Peace,
    Tom
     
  8. dennisj00

    dennisj00 Hall Of Fame

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    This pains me but . . . if I can adjust my seat, get more comfortable, have power steering, it's a problem and causes me to pay less attention to my driving?

    I've used cruise control since 1972 as a third party add on and I've never rear-ended a car because I haven't paid attention.

    So 'paying close attention' becomes secondary? Maybe in your world but maybe your drivers need more training.

    If you're not beta testing it, why worry about it? You have a better chance of slipping in the shower and dying.
     
  9. Tom Robertson

    Tom Robertson Lifetime Achiever DBSTalk Club

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    TIn Lizzie's couldn't do 100 mph until they put in some basic safety features... :)

    Besides, if you include me in that list of "today's mentalities", I think my overall posts, typically highly in favor of a well developed autonomous car speak for themselves.

    Peace,
    Tom
     
  10. Tom Robertson

    Tom Robertson Lifetime Achiever DBSTalk Club

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    There is a big, big difference between comfort and safety. My wife might be able to drive a car set for my son. But she can't do it safely. She would be sliding down in the seat to reach the controls.

    Each of us has a level of ability when it comes to paying attention. It is not an all or nothing thing, it is a scale including many shades of gray between black and white.

    Maybe you personally have the ability to pay enough attention to a semi-autonomous car after 1,0000 miles, hundreds of trips. I suspect there are people like that. I can't. I want to read, watch TV, sleep, something. I can't watch paint dry; I can't pay attention when someone else is driving. I'm not a safety system for my car. It is a safety system for me.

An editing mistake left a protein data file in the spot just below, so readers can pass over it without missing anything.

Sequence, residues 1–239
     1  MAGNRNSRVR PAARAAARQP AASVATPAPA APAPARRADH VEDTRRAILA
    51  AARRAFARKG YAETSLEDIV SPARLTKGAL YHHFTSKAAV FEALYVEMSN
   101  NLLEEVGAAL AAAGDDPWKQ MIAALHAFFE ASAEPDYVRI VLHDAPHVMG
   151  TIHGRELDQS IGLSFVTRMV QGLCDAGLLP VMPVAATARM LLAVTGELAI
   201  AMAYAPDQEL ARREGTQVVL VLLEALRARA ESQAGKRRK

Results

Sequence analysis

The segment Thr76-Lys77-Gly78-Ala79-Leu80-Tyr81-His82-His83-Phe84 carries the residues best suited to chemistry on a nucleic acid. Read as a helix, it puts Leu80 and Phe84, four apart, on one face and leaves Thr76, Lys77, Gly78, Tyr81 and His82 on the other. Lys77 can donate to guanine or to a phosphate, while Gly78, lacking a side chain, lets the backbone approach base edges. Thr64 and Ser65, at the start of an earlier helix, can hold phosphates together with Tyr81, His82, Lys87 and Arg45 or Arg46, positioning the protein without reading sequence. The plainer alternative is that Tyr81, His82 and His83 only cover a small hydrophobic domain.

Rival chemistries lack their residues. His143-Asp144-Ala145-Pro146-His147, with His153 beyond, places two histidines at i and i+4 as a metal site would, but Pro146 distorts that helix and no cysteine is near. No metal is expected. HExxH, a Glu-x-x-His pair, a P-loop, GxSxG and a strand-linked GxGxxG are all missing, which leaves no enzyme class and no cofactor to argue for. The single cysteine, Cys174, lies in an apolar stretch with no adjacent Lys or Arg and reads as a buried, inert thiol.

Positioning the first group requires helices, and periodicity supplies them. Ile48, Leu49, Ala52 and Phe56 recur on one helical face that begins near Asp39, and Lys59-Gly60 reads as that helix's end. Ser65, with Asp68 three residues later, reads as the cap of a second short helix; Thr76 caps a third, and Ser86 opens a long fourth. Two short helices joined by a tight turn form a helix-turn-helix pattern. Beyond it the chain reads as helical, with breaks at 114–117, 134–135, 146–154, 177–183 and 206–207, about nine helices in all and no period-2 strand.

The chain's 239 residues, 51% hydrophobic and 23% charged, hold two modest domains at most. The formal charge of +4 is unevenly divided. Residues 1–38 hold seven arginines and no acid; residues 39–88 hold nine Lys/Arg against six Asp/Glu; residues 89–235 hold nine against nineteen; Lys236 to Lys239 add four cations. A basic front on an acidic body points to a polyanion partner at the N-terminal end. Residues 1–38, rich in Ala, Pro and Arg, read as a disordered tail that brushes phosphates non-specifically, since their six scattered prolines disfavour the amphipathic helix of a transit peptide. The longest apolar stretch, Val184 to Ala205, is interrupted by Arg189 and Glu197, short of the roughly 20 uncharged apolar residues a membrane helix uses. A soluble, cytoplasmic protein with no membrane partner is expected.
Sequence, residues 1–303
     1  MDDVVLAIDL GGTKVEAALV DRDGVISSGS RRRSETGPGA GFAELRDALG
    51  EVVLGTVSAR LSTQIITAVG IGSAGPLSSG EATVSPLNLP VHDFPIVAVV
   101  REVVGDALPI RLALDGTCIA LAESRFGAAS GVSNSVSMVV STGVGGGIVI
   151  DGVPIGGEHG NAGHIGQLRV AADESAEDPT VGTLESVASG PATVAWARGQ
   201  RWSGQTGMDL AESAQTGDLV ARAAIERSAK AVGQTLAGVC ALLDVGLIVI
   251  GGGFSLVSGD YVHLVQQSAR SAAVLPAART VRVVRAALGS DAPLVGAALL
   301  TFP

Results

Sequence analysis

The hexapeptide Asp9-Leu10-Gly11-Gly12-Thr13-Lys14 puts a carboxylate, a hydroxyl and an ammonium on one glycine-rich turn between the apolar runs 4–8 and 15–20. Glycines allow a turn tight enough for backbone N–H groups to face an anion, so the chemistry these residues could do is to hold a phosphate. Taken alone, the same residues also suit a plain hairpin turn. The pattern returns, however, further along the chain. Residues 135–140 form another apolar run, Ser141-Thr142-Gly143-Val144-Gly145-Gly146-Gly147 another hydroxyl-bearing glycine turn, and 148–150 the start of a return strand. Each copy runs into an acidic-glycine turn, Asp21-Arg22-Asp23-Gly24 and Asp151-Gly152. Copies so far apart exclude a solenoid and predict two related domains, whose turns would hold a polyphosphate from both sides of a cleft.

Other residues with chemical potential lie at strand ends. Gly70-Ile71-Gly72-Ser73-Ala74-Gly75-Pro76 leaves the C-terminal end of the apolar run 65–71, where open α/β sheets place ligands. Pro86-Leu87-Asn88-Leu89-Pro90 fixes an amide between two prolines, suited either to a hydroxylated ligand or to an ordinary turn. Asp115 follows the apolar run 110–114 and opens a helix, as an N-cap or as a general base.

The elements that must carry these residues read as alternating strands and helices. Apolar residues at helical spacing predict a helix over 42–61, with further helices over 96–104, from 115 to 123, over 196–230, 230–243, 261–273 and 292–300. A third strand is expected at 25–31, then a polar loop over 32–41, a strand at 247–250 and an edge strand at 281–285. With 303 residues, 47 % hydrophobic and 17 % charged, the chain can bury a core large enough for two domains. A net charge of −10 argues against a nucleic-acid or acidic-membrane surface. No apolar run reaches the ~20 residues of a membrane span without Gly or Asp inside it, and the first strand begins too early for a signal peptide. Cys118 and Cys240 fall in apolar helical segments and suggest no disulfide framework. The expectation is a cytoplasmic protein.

My belief, based on poorly people drive today when they are forced to engage, is that given the opportunity to disengage because of a semi-autonomous driver, they won't pay attention. Google proved that in their experiments. Why can't you learn from their experiences?

    As for "if I'm not beta testing it..." Isn't everyone on the road with Telsas part of the overall beta test? If they have an accident, is the driver the only one affected? Of course not. Tesla is negligent in their beta testing of something that isn't close to ready.

    Peace,
    Tom
     
  11. dennisj00

    dennisj00 Hall Of Fame

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    Tom,

    There have been many cars in the last 10 years that set the seat and controls to the individual driver. Teslas also do this. It's called driver profile.

    I don't know why you have such a low expectation of drivers in general. You should be worried about duis and cell-phone distraction. It's a much bigger per-centage.
     
  12. Tom Robertson

    Tom Robertson Lifetime Achiever DBSTalk Club